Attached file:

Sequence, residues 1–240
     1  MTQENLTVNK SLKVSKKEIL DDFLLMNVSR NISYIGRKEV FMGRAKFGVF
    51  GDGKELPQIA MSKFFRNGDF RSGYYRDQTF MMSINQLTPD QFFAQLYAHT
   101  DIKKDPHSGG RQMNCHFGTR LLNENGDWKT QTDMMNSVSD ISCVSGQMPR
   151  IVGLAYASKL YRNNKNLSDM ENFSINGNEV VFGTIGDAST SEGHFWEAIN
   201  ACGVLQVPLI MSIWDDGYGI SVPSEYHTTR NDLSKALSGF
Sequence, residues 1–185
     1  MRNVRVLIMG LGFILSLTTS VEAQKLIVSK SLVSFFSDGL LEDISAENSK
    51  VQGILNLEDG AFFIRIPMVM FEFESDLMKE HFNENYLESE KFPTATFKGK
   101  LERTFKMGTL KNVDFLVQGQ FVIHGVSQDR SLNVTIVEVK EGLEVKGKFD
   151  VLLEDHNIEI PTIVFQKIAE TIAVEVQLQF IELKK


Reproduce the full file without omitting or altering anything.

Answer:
Sequence, residues 1–240
     1  MTQENLTVNK SLKVSKKEIL DDFLLMNVSR NISYIGRKEV FMGRAKFGVF
    51  GDGKELPQIA MSKFFRNGDF RSGYYRDQTF MMSINQLTPD QFFAQLYAHT
   101  DIKKDPHSGG RQMNCHFGTR LLNENGDWKT QTDMMNSVSD ISCVSGQMPR
   151  IVGLAYASKL YRNNKNLSDM ENFSINGNEV VFGTIGDAST SEGHFWEAIN
   201  ACGVLQVPLI MSIWDDGYGI SVPSEYHTTR NDLSKALSGF
Sequence, residues 1–185
     1  MRNVRVLIMG LGFILSLTTS VEAQKLIVSK SLVSFFSDGL LEDISAENSK
    51  VQGILNLEDG AFFIRIPMVM FEFESDLMKE HFNENYLESE KFPTATFKGK
   101  LERTFKMGTL KNVDFLVQGQ FVIHGVSQDR SLNVTIVEVK EGLEVKGKFD
   151  VLLEDHNIEI PTIVFQKIAE TIAVEVQLQF IELKK